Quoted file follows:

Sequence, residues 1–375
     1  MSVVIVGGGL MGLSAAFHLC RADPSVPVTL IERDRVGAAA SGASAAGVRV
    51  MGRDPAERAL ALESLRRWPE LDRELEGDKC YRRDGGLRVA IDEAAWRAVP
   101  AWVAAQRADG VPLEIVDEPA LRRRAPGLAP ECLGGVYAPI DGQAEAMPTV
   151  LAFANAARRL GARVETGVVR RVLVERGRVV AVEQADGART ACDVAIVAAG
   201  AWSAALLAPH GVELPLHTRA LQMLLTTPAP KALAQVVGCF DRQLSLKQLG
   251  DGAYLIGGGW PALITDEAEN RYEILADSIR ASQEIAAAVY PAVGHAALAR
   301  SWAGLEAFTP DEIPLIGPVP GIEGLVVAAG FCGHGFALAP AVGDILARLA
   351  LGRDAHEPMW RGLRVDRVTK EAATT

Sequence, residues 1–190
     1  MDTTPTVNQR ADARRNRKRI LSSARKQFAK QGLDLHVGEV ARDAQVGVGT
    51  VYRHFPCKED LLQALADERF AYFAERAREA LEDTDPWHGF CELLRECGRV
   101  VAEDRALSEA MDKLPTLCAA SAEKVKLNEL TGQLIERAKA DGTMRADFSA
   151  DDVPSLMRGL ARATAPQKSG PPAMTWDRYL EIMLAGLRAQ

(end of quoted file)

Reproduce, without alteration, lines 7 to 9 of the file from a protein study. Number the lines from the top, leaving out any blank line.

   251  DGAYLIGGGW PALITDEAEN RYEILADSIR ASQEIAAAVY PAVGHAALAR
   301  SWAGLEAFTP DEIPLIGPVP GIEGLVVAAG FCGHGFALAP AVGDILARLA
   351  LGRDAHEPMW RGLRVDRVTK EAATT